American literature teacher Ian Carlson to suggest starting a writing
center last spring at Brewer High School. As a UMaine student, Carlson
had used the campus Writing Center a couple times. He knows the trials
of being a young writer, and the difference a writing center can make.
"Many kids in high
school and college are so busy, they don't put any real thought into
their writing," says Carlson, who is in his second year of teaching.
"Writing is not a math equation. It's an art. You need to have
discussions about ideas and understand that writing is a process."
As with collegiate
students, the Brewer High students must take the initiative to go to the
writing center for assistance. Peer tutors are recruited as much for
their commitment to helping others as their writing skills.
"I want students to
start thinking for themselves, whether it's about writing or their own
philosophy on life or the book they're reading in my AP English class,"
says Carlson. "At the writing center, we never tell students they're
going to get a better grade because they came. They came because they
want to make themselves better writers."
The need for schools
to focus more on encouraging and improving student writing is now a call
to action nationwide. In its 2003 report to Congress, "The Neglected
‘R': The Need for a Writing Revolution," the College Board's National
Commission on Writing for America's Families, Schools and Colleges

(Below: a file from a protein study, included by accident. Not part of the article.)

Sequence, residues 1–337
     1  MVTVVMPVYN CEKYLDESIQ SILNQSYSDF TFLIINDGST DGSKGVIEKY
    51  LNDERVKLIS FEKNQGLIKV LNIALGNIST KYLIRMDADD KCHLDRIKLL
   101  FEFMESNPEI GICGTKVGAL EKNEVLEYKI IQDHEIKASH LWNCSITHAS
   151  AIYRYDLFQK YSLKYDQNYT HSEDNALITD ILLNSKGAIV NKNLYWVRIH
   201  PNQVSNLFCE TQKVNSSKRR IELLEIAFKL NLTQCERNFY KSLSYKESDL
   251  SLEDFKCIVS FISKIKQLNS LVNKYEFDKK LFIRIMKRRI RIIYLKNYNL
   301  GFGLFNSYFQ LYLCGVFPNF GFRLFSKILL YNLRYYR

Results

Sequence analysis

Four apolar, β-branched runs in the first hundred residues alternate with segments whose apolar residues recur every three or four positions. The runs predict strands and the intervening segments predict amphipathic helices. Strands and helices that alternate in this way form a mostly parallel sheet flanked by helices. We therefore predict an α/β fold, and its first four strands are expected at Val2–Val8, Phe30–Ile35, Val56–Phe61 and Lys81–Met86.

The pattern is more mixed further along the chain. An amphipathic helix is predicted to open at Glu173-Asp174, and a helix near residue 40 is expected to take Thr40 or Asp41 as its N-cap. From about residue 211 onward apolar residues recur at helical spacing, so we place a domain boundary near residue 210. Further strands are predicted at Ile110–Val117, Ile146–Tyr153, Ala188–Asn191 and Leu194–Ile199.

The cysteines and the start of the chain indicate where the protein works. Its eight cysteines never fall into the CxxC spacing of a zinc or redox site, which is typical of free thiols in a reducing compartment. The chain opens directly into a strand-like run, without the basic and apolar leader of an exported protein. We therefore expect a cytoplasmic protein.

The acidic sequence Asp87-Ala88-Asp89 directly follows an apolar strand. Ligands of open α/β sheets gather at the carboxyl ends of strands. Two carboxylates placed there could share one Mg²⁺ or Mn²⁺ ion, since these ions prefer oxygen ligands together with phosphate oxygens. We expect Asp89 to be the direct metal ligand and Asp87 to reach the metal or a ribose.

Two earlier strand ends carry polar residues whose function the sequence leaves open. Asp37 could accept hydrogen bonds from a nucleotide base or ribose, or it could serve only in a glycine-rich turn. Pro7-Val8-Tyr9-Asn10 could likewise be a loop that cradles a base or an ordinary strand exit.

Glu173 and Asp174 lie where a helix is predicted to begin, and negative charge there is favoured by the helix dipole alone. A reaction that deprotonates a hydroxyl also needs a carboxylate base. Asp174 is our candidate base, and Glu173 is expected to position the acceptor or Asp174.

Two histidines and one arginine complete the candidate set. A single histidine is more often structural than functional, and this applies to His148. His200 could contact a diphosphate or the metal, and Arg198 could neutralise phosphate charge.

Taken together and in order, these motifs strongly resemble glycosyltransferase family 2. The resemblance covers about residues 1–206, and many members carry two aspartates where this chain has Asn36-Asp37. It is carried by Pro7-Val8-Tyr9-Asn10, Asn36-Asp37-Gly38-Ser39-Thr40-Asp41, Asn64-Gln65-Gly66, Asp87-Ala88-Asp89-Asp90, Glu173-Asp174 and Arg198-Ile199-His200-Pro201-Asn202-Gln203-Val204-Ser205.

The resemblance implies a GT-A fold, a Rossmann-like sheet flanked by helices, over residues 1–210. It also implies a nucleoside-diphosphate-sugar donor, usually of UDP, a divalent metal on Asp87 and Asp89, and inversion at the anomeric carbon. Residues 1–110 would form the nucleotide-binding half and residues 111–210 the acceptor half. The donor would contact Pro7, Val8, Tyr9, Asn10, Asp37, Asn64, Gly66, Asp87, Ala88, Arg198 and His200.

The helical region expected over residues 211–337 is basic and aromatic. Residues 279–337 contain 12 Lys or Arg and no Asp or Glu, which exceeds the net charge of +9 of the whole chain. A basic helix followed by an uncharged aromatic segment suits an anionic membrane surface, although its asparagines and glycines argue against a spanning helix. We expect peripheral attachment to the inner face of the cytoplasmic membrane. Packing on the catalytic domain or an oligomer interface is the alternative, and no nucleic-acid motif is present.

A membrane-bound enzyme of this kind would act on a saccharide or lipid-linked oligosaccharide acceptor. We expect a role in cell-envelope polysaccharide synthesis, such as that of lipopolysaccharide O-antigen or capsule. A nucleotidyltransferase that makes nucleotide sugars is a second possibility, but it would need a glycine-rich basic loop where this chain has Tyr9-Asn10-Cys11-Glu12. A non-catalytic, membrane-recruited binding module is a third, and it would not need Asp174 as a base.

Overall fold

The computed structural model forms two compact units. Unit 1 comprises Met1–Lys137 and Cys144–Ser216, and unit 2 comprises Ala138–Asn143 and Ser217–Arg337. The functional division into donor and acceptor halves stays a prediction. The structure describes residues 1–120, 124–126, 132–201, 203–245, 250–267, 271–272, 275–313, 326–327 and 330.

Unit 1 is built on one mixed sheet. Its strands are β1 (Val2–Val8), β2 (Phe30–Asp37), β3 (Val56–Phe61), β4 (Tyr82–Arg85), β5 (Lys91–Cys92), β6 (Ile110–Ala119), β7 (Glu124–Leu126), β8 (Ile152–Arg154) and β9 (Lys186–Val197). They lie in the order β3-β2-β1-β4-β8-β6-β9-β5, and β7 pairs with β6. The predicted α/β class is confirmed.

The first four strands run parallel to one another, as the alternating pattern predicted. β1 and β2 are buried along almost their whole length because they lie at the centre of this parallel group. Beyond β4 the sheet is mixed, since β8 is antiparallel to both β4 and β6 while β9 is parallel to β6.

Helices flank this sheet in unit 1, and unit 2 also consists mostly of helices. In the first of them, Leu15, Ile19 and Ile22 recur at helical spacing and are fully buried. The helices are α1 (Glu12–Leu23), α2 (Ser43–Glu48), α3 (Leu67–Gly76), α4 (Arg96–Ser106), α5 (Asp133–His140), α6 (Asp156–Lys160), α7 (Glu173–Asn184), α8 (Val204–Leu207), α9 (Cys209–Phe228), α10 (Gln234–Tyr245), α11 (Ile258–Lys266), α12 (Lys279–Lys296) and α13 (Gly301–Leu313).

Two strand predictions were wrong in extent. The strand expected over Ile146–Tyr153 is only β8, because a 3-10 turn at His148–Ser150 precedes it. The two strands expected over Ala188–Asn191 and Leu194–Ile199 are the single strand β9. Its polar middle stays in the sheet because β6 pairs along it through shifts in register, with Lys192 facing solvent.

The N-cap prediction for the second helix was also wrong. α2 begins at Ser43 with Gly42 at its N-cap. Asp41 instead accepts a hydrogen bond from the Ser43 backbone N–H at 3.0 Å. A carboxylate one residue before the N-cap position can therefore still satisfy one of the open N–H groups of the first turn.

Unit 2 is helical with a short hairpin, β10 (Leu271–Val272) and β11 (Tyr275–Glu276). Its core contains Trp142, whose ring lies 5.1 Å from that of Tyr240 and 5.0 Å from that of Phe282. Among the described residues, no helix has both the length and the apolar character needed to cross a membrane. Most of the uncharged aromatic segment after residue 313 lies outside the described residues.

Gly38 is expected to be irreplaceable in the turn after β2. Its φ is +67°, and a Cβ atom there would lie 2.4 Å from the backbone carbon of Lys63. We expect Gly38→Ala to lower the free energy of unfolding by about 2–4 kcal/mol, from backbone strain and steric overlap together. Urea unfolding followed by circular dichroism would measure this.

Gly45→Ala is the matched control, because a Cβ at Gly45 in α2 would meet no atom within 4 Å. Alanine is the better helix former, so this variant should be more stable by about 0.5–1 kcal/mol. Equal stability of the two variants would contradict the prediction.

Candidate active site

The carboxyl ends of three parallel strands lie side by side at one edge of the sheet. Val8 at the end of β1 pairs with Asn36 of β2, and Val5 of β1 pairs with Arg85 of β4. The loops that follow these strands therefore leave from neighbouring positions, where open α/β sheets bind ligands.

called for a "cultural transformation that will improve writing in the
United States." Among its recommendations: The amount of time and
resources devoted to student writing should at least double, and writing
should be taught in all subjects and grade levels.
"The quality of
writing must be improved if students are to succeed in college and in
life," said the 20-member commission, chaired by C. Peter Magrath,
president of the National Association of State Universities and
first report was followed in 2004 and 2005 by two others, "Writing: A
Ticket to Work . . . Or a Ticket Out, a Survey of Business Leaders" and
"Writing: A Powerful Message from State Government."
Writing centers, Kent
says, can be key to addressing such nationwide concerns.
complement, support and enrich a student's school experience," he says.
"With dialogue about a piece of writing, students begin to negotiate
their places in the world and their futures. Ultimately, we write to
discover what we want to know about others and about ourselves. We write
to discover we are not alone."
By Margaret Nagle
for more stories from the current issue of UMaine Today Magazine.